Drones and Robots Are Taking Over Industrial Inspection
Avitas Systems, a GE subsidiary based in Boston, is now using drones and robots to automate the inspection of infrastructure such as pipelines, power lines, and transportation systems. The company is using off-the-shelf machine-learning technology from Nvidia (50 Smartest Companies 2017) to guide the checkups, and to automatically identify anomalies in the data collected.
The effort shows how low-cost drones and robotic systems—combined with rapid advances in machine learning—are making it possible to automate whole sectors of low-skill work. While there is plenty of worry about the automation of jobs in manufacturing and offices, routine security and safety inspections may be one of the first big areas to be undermined by advances in AI.
Drones have been used on some industrial sites for a while (see “New Boss on Construction Sites Is a Drone”), and various companies, such as Kespry, Flyability, and CyPhy, offer aerial systems for monitoring mines, inspecting wind turbines, and assessing building insurance claims. But the technology required to automate more of the process is now becoming accessible. Similar technology is also enabling robots to cruise autonomously through offices and malls looking for anomalous behavior (see “Rise of the Robot Security Guard”).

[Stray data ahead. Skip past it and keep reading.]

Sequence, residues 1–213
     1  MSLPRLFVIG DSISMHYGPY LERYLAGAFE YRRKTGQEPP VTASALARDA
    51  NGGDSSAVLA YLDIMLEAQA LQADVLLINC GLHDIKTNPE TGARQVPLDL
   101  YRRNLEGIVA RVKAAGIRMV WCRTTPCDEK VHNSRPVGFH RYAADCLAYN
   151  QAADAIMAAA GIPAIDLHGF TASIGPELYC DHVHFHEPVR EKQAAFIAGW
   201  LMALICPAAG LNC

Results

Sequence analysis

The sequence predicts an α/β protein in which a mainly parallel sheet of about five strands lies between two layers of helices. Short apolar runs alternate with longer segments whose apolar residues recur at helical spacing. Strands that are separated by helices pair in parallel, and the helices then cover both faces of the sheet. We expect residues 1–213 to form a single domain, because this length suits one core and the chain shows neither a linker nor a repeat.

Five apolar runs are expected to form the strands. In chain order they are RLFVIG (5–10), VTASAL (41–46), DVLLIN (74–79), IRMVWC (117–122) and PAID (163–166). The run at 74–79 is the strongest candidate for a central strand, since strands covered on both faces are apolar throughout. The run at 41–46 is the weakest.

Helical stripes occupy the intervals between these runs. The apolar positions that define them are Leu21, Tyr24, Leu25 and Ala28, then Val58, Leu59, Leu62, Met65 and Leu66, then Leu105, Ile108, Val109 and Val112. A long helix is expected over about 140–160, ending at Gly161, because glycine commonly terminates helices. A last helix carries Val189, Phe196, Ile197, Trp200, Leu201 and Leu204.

Avitas uses drones, wheeled robots, and autonomous underwater vehicles to collect images required for inspection from oil refineries, gas pipelines, coolant towers, and other equipment. The company is using Nvidia’s DGX-1 system, a computer designed for a cutting-edge kind of machine learning, to guide these vehicles to the same spot, and to analyze the image data for possible defects.
Nvidia’s system employs deep learning, an approach that involves training a very large simulated neural network to recognize patterns in data, and which has proven especially good for image processing. It is possible, for example, to train a deep neural network to automatically identify faults in a power line by feeding in thousands of previous examples. In some cases, deep learning can perform image recognition more reliably than a person could.
Alex Tepper, the founder of Avitas, says the company’s customers spend hundreds of millions on manually inspecting equipment. This usually involves someone traveling to a remote location to examine it. A drone or robot can automatically collect images of the same spot many times over, perhaps making it easier to detect flaws that might otherwise go unnoticed. The approach can save a refinery, for example, about $1 million annually on inspections, the company estimates.
Advances in AI are also making it easier to teach robots to navigate to a location for themselves. This week, for instance, Neurala, a company that specializes in deep learning, launched a drone toolkit that can be used to train a vehicle to recognize or follow a particular object, and to avoid obstacles.
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